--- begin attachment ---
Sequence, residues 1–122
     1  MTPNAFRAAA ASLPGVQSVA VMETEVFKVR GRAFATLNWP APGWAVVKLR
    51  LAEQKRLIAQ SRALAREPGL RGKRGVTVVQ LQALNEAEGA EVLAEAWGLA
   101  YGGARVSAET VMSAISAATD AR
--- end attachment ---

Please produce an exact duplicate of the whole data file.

Sequence, residues 1–122
     1  MTPNAFRAAA ASLPGVQSVA VMETEVFKVR GRAFATLNWP APGWAVVKLR
    51  LAEQKRLIAQ SRALAREPGL RGKRGVTVVQ LQALNEAEGA EVLAEAWGLA
   101  YGGARVSAET VMSAISAATD AR